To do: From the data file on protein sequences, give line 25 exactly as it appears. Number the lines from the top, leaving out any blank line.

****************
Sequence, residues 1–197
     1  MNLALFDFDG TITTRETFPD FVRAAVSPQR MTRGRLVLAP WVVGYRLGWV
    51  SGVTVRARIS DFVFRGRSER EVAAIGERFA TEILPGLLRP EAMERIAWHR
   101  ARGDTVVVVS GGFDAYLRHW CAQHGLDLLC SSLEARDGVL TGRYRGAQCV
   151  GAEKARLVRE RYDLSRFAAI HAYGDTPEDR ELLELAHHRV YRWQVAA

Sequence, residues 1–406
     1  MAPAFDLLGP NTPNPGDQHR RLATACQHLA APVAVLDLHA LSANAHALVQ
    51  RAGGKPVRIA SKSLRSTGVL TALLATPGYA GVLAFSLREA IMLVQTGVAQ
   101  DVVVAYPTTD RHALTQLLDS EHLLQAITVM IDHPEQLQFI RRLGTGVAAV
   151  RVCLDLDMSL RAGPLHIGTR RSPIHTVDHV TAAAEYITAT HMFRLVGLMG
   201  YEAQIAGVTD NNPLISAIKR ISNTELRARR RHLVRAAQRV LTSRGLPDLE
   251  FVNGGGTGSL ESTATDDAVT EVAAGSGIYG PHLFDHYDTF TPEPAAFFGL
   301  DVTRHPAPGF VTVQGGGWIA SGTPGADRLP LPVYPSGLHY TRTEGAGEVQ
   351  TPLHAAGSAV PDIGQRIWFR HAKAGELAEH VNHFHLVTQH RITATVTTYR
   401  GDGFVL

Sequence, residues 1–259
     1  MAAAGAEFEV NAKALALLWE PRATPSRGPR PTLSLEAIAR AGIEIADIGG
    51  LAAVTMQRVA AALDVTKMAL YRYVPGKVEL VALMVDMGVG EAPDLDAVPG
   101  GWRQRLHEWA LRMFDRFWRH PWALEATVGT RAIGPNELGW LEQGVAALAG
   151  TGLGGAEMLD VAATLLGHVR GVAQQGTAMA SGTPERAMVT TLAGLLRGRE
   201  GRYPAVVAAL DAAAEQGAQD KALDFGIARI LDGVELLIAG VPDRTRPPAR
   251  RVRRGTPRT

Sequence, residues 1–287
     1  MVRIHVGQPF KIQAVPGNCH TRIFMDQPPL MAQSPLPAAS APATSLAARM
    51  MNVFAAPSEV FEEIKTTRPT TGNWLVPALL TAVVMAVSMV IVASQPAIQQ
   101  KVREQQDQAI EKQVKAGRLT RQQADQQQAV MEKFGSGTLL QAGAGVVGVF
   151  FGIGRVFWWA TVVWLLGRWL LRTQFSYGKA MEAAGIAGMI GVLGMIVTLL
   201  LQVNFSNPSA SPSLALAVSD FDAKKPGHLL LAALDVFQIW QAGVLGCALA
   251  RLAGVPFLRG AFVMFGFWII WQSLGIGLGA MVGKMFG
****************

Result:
    51  MNVFAAPSEV FEEIKTTRPT TGNWLVPALL TAVVMAVSMV IVASQPAIQQ